In Paper I, two shape models for Haumea (defined by the a, b, and c semi-major axes of the ellipsoid) were used, based on optical light curves observations by Lacerda et al. (2008) and assuming a Jacobi hydrostatic equilibrium figure (a>b>c). The two shape models were derived by considering two different scattering properties for Haumea’s surface (Lambertian reflectivity, shape model 1, and Lommel-Seelinger reflectance properties, shape model 2), leading to slightly different values of b/a, c/a, and the object density. For a given shape model, knowledge of the object mass (Ragozzine & Brown 2009) provided the absolute values of a, b, and c, which in turn provided the object mean geometric albedo, based on its Hv magnitude. All these parameters were then implemented in a NEATM thermal model (Harris 1998), and the only free parameter in fitting the thermal light curve was the so-called beaming factor, η. In this process, a phase integral q = 0.7 was adopted; this value is reasonable for a high albedo object (see Lellouch et al.2000, Fig. 7; and Brucker et al.2000) but admittedly uncertain. Considering mostly an aspect angle θ = 90°, the main conclusion of Paper I was that η = 1.15 satisfies the mean thermal flux constraint for both shape models, but matches the light curve amplitude only for model 2, which was therefore favored. The relatively low η value (for an object at this distance from the Sun) pointed to a generally low thermal inertia for the surface and significant surface roughness effects (see Lellouch et al. 2013). Paper I also briefly explored the effect of aspect angle by considering the case θ = 75°, and found that such a model could be valid, but using a slightly larger η value (e.g. η = 1.35 instead of η = 1.15). However, the modest quality of the thermal light curve in Paper I did not warrant the use of more elaborate models.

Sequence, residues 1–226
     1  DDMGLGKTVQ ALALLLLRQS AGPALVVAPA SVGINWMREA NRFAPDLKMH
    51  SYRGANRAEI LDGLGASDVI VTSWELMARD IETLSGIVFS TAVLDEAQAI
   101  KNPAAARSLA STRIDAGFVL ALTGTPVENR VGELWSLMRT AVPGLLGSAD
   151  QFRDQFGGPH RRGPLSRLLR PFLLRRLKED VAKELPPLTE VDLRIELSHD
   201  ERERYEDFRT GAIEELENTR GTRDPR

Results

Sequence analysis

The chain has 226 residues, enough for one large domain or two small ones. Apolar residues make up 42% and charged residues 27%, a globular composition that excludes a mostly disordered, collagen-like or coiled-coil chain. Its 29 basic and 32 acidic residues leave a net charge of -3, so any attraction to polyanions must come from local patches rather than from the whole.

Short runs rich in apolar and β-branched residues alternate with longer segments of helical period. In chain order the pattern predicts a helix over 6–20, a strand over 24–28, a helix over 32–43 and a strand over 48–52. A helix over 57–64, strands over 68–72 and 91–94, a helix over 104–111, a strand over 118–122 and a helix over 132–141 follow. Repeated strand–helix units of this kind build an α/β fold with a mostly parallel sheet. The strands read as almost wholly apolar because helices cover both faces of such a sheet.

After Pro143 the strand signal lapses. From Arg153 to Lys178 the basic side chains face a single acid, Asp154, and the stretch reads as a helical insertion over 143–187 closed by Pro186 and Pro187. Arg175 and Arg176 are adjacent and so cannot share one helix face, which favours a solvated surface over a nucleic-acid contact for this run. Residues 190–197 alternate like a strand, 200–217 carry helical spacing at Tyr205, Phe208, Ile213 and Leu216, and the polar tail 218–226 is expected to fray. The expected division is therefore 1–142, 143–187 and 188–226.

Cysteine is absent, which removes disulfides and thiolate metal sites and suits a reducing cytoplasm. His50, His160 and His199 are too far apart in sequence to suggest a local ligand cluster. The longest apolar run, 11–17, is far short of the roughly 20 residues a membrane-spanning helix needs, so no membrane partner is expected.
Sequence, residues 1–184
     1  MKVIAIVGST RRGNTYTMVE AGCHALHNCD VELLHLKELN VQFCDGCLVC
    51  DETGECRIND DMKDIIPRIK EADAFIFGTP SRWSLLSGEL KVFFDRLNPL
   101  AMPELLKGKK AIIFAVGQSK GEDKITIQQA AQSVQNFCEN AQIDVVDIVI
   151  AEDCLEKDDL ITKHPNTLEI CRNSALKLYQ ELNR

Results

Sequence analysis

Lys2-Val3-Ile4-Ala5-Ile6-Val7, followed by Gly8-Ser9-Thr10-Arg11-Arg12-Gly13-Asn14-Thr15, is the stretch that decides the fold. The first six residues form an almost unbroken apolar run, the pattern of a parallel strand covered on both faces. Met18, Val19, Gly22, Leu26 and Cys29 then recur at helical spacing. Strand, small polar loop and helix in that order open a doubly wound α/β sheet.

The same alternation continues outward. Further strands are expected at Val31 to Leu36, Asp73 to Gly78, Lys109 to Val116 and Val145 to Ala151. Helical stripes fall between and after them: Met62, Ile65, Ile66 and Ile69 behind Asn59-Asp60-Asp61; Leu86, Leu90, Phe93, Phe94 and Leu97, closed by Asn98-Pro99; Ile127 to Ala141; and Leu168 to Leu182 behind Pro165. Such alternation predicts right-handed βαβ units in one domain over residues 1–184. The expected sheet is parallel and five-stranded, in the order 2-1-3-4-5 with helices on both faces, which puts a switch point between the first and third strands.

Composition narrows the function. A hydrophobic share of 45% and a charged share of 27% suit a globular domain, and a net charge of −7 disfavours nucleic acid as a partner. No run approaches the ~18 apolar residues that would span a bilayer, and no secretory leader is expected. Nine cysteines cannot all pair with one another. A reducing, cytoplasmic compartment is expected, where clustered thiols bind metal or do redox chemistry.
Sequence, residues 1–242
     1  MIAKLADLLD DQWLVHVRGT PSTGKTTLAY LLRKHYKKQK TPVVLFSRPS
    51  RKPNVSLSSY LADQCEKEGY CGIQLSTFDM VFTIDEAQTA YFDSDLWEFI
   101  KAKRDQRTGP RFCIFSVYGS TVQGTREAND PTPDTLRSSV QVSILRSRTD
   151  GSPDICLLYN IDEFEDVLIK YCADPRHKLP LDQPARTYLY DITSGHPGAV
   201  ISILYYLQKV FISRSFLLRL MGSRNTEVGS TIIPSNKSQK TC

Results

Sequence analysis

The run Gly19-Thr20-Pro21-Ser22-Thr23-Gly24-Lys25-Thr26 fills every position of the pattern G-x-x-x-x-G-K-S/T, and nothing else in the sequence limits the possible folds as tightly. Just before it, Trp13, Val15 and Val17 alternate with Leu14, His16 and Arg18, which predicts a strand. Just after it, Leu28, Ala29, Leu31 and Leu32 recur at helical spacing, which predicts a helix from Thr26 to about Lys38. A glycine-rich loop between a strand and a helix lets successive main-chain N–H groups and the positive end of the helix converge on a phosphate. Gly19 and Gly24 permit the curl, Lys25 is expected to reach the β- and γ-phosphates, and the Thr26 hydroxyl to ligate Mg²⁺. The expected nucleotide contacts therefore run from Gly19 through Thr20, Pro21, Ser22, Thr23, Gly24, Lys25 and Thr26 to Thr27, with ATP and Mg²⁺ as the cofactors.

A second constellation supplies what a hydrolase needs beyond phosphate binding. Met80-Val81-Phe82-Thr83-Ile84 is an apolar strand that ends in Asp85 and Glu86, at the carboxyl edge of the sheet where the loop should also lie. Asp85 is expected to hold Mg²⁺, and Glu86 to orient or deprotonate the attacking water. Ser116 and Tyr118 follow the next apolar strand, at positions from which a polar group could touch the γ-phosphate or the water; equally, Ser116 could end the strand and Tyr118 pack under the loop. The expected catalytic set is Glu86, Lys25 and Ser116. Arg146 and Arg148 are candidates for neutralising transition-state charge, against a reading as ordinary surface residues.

Given the improved data quality in the current work, including the apparent detection of increased thermal emission at the expected location of the dark spot, we now improve these early models by (i) considering thermophysical models (TPM); (ii) exploring in some detail the effect of a surface spot. The essential physical parameter to constrain is now the surface thermal inertia, Γ. To make allowances for possible surface roughness effects, however, the TPM can also include an η factor, but which in this formalism is by definition 1 (see e.g. Groussin et al.2004, Eq. (3); Lellouch et al.2011, Eq. (2)). Unlike NEATM, which for a uniform (constant albedo) elliptical surface, calculates (by construction) a thermal light curve in phase with the optical light curve, the TPM approach enables us to investigate temperature lags owing to thermal inertia. Thus, in principle, the thermal inertia can be derived by investigating the relative phase of the thermal and optical light curves, as constrained by the observations. Once Γ is determined, η and q may be adjusted so as to match the mean flux level and the amplitude of the light curve. However, the problem may be underconstrained, i.e. η and q cannot necessarily be determined separately. If the surface includes a spot of known albedo and spatial extent, the parameters (i.e. Γ, and η and/or q) may be adjusted separately in the spot region and outside. In what follows, and given the low thermal inertias we inferred (see below), we found that the observed flux levels did not require to be enhanced by surface roughness, so we simply assumed η = 1, recognizing that some degeneracy exists between η and q.